Delegate battle might be Clinton's final hurrah

The Democratic Party's rules committee meets today to ponder the fate of Florida's and Michigan's delegates

McClatchy NewspapersMay 31, 2008 

  • Party officials and challengers will make presentations first today, and then the campaigns will make their cases. Former Michigan Gov. Jim Blanchard and Arthenia Joyner, a Tampa, Fla., civil rights activist, will present Clinton's case, while Rep. Robert Wexler, D-Fla., and former Rep. David Bonior, D-Mich., will argue Obama's side.

    After hearing the arguments, the committee plans to break for a private lunch, followed by an afternoon of deliberations.

    Handicapping the committee is tough -- it has an estimated 13 Clinton backers, eight Obama supporters and the rest, including the two co-chairmen, are believed to be uncommitted.

    A majority of those voting is needed to pass a measure.


— Hillary Rodham Clinton supporters are gathering for what could be her last big stand today, as the Democratic Party's rules committee meets to decide how to resolve a dispute over Florida's and Michigan's 368 delegates to the Democratic National Convention.

With only three primaries remaining -- Puerto Rico on Sunday, and Montana and South Dakota on Tuesday -- today's meeting could be Clinton's final major effort to overtake Obama. She needs a big victory from the 30-member panel, which is expected to meet all day, and her supporters plan a rally to help press her case.

The math and the process confronting the rules committee are complex, but it boils down to this:

As of Friday night, Obama had 1,984 delegates, and Clinton had 1,782. Currently, a total of 2,026 is needed to win, but that number will change depending on how many Florida and Michigan delegates are seated.

The committee will grapple with two issues today. One is whether to seat the two delegations at all. Michigan and Florida held their primaries in January, defying party rules, and were stripped of all of their 368 convention delegates.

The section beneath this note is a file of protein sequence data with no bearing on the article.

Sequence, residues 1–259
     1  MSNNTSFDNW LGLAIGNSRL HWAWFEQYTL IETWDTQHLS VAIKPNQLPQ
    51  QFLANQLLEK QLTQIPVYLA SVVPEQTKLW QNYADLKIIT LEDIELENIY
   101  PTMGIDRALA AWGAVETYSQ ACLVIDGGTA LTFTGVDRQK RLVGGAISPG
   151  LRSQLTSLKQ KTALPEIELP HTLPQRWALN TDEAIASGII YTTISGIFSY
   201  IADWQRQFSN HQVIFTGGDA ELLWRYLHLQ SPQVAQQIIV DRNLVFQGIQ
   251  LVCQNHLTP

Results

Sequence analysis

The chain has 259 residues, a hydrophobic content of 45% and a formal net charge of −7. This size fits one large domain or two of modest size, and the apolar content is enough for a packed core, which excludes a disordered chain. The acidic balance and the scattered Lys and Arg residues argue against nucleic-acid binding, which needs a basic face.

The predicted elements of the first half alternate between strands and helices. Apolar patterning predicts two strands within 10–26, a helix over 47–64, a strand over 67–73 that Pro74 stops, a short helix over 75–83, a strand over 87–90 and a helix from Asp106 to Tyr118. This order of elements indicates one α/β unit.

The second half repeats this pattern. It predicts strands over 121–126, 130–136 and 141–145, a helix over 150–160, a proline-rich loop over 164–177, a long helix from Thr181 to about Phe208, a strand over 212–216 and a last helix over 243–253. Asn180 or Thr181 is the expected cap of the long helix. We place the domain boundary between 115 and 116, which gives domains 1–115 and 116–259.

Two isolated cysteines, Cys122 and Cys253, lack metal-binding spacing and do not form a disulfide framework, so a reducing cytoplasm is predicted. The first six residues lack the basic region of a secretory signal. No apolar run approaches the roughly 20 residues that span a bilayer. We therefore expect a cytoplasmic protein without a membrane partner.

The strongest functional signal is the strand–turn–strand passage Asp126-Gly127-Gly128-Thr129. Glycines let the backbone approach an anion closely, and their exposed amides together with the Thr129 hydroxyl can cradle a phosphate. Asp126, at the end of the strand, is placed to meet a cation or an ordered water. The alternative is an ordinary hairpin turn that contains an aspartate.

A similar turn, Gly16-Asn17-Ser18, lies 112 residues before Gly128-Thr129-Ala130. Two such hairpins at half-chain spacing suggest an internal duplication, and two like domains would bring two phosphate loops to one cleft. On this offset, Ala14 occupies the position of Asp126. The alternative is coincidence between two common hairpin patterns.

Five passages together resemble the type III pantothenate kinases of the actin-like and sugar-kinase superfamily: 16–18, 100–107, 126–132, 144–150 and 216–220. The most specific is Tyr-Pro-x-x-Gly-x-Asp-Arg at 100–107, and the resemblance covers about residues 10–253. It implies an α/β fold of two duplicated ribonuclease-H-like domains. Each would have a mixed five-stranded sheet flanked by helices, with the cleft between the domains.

A memo from party legal advisers this week said the committee could seat no more than half the delegations. Keeping out the rest would be the states' punishment.

The committee is expected also to deal with the question of who gets whatever delegates are seated. In Michigan, Obama and virtually every other major contender except Clinton took their names off the ballot. Obama and Clinton pledged not to campaign in Florida.

Clinton won Michigan with 55 percent of the vote. "Uncommitted" got 40 percent, widely seen as a vote for Obama.

In Florida, Clinton took 50 percent, Obama trailed with 33 percent, and 2004 vice presidential nominee John Edwards, who has since endorsed Obama, got 14 percent.

Florida Democrats are pushing a plan to split the delegation's votes 50-50 between Clinton and Obama.

Michigan's case is more complicated. Clinton argues that the full delegation should be seated, and that she should get 73 delegates, "uncommitted" 55, and Obama none.

Signals suggest that she's unlikely to prevail. A four-member group of state Democratic bigwigs, including Sen. Carl Levin of Michigan, is pushing a plan to give Clinton 69 delegates and Obama 59, and people who serve on the Rules and Bylaws Committee generally aren't rabid partisans. They tend to be insiders who want the party to prosper -- hardly the kind of politicians who are likely to tie the institution in procedural knots that could jeopardize its chances of winning in November.

"Everyone on that committee has a real institutional concern for the Democratic Party," said committee member Donald Fowler, a Clinton backer and former party chairman.

"We're not the Supreme Court. We're a political organization," said Allan Katz, a Tallahassee, Fla., city official who backs Obama.

Another possible sign that passions may be cooling: Harold Ickes, a committee member, top Clinton adviser and noted hardball player, wouldn't say Friday whether Clinton's team would appeal a decision that didn't go its way to the credentials committee at the Democratic convention in late August.

"We think it's not useful to cross streams before we come to them," he said.

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